In a major milestone for Rio Tinto’s Kemano T2 hydropower project in British Columbia, the tunnel boring machine has broken through to complete its journey which started 30 months ago.
The Kemano T2 Project is completing a second tunnel to carry water into the Kemano Powerhouse, to ensure the long-term reliability of the power supply for Rio Tinto’s BC Works smelter in Kitimat.
The tunnel boring machine cut 7.6 kilometres through the rock in remote mountains over 30 months, completing the route for a 16 kilometre tunnel that was started in the early 1990s.
Kemano T2 Project Manager Alex Jones said:
Kemano T2 Project Manager Alex Jones said: “This is a significant milestone towards finishing the second tunnel and securing the long term reliability of hydropower for Rio Tinto’s smelter in Kitimat, which produces some of the world’s lowest carbon aluminium. Boring this tunnel is a highly-skilled and technical feat that has been achieved in an extremely remote location that is only accessible by air or sea.”Alex Jones, Kemano T2 Project Manager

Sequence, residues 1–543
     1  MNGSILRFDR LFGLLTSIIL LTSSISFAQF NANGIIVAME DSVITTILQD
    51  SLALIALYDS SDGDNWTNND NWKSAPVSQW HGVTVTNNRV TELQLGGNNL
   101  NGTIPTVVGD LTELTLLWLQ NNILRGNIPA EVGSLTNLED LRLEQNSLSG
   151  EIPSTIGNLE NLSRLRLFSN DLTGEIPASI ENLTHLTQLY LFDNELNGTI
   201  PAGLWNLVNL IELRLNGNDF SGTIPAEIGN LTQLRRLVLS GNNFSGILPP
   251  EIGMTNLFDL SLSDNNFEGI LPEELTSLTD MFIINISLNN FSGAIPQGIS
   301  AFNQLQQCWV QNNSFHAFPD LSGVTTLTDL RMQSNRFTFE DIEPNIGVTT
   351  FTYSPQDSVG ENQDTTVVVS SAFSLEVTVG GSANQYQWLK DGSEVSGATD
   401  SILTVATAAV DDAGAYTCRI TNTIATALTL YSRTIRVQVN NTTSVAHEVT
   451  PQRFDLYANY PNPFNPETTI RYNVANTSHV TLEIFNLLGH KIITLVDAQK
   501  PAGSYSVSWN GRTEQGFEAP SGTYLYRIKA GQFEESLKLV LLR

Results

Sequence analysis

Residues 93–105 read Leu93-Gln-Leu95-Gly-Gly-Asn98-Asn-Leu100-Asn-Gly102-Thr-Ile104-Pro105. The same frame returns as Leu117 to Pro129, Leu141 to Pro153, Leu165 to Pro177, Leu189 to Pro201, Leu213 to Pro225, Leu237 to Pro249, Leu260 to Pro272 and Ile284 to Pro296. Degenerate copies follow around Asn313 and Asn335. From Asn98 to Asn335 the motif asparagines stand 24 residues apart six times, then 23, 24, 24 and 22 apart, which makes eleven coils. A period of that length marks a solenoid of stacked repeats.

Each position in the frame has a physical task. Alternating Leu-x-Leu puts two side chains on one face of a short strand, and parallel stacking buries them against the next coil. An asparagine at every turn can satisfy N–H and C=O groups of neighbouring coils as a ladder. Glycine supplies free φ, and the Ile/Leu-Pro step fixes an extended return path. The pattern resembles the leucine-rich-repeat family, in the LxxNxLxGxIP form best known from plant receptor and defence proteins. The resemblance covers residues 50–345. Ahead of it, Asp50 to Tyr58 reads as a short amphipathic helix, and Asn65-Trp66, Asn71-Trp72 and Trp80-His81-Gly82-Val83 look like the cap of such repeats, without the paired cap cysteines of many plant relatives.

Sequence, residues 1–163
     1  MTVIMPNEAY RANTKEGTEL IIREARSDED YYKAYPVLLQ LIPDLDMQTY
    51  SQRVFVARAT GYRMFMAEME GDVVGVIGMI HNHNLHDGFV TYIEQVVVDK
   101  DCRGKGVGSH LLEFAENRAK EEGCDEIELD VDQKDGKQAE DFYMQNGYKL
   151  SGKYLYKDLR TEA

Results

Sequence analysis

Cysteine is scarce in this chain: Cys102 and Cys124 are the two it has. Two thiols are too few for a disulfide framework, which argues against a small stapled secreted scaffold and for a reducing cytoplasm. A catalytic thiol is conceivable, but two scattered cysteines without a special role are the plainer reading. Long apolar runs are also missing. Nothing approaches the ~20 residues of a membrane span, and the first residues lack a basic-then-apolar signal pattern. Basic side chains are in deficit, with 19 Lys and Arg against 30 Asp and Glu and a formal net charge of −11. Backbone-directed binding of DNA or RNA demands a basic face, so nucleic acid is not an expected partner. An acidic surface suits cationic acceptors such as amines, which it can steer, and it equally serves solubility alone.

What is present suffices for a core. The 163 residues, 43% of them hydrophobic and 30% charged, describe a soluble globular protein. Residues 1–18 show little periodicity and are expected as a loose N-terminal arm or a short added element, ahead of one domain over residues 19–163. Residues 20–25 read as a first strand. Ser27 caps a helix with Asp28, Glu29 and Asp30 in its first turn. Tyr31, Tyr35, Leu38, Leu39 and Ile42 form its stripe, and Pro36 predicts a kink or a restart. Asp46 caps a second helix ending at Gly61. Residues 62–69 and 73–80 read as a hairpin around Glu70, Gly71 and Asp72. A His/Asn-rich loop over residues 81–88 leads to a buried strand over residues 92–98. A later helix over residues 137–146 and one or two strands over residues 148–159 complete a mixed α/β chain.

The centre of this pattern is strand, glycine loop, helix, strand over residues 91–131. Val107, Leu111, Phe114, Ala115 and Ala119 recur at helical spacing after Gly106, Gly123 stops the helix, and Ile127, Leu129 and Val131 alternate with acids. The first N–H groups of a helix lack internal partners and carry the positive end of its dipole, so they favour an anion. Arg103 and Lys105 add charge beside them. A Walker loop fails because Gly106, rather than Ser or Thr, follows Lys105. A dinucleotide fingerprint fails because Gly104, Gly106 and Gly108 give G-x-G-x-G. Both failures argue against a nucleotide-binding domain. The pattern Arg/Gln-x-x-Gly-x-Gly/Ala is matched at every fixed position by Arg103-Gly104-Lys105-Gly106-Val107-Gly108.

“We thank all our partners who are supporting tjis important project- from our employees , to contractors, First Nations, government and community members. It will ensure our operations continue to make a significant contribution to British Columbia's economy into the future. We look forward to celebrating the completion of the project next year.”Alex Jones, Kemano T2 Project Manager
The 1,300 tonne Herrenknecht tunnel boring machine is named tl’ughus by the Cheslatta Carrier Nation after a legendary giant monster snake and is decorated with artwork by Haisla Nation students. It is 190 metres long and more than six metres in diameter.
The tunnel will be filled up with water in the middle of next year, with the project expected to be complete in the second half of 2022.
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